This lineup still has 4 big holes in it. Which will continue to stop rallies.

    Shortstop: not going to be changed, so it is what it is.

    Catcher: Might get fixed when Moore starts to hit and earns more playing time.

    DH: Has been beaten to death. Still a problem.

    1B: I’m not sold on Kotchman yet. He hasn’t looked as woeful as I feared, I’ve seen him get the ball in the air and go the opposite way at times. But whether he will hit enough to be useful? His GB/FB so far is 1.44 which is lower than any other year in his career. So maybe that is a positive sign, or maybe it is SSS.

  36. MrZDevotee on April 14th, 2010 7:36 am

    Suzuki only made that play because he spent time in Cirque De Soleil when he was in the minors– he’s used to doing a somersault, hanging from a rope, spinning and firing a bullet that hits the big toe of a sliding Figgins, 90 feet away. They practiced that everytday in A ball.

    Truly, it was an awesome play by Suzuki, fueled largely by the plague of misfortune the Mariners wear like a dirt cloud hovering over Pigpen.

    Or maybe Figgins was doing his best Charlie Brown, getting a running start to kick 3rd base, and Suzuki snatched it away at the last second in a perfect impression of Lucy. “AAAAAaaaahhhhh! (thump)”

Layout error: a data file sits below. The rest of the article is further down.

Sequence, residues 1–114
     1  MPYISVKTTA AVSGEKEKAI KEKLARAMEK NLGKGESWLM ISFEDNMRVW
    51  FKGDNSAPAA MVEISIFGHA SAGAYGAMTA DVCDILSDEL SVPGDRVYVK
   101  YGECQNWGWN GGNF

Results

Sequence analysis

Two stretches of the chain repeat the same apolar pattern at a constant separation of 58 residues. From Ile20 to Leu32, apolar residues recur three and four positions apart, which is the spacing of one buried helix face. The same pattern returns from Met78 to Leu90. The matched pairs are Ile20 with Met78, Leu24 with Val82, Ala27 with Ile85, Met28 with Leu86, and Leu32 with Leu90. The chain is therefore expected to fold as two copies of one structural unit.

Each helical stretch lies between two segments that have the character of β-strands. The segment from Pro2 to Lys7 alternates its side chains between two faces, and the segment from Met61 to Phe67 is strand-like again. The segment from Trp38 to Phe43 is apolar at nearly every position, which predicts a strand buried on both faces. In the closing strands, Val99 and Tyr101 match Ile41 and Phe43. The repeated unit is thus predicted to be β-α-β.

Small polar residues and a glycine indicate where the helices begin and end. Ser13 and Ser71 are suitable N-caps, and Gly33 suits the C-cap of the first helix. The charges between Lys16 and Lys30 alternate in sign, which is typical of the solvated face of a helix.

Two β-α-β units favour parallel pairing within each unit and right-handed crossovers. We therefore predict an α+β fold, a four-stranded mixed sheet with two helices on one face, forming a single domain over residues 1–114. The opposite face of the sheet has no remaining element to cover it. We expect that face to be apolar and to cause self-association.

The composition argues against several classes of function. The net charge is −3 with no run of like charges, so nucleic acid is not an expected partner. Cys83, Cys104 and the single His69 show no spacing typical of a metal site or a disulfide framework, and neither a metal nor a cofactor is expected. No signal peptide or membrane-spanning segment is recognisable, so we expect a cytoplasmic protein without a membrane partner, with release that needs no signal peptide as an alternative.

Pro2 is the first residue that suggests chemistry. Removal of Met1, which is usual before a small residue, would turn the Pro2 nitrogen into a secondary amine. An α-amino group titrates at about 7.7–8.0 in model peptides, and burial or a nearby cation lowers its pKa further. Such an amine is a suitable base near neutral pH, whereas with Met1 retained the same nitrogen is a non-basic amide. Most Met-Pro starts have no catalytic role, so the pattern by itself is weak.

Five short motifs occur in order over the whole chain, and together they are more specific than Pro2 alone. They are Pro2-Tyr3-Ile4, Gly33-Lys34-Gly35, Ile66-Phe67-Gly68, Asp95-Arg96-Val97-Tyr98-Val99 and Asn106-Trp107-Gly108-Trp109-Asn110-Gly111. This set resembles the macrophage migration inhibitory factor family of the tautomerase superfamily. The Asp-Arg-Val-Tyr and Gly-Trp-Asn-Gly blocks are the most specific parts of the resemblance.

And Dave, I agree that Sweeney looked good his last two at bats but more credit goes to Ziegler in the 8th inning– Sweeney’s feat that inning was being spry enough to jump over a couple of balls in the dirt that almost hit his feet (which I suppose is a good at bat because he made Ziegler throw more pitches, rather than just let the first one hit him and take first base).

    Either way, the important thing is– it’s a happy day in Muddville.

    (While as I’ve been pleading, I think it’s too early to cast the Mariners as over-rated, is it okay to selectively use 9 games to determine that Milton Bradley is gonna go for almost 40 homers this year! Is there leeway in Comparison Bias for predicting good outcomes, versus bads ones? Please? There’s gotta be a difference between Comparison Bias in regards to gloom and joy! We have Sweeney! He weights our happiness by +9 HAR- hugs above replacement)

  37. MrZDevotee on April 14th, 2010 7:42 am

    Did anyone else see the picture of Griffey hugging Bradley after his homer? Bradley looks annoyed by the hug, or in pain.

    “Leave me alone!”

  38. Willmore2000 on April 14th, 2010 7:47 am

    I know they will hit eventually, but it’s kind of depressing to look up the team stats page and see 6 guys below the Bill Bergen line.

  39. Chris_From_Bothell on April 14th, 2010 8:00 am

    This game perfectly showcased how defense can win games for the Mariners. All the game recaps are focusing on the Bradley homerun and Fister’s pitching line, but the real story was the defense.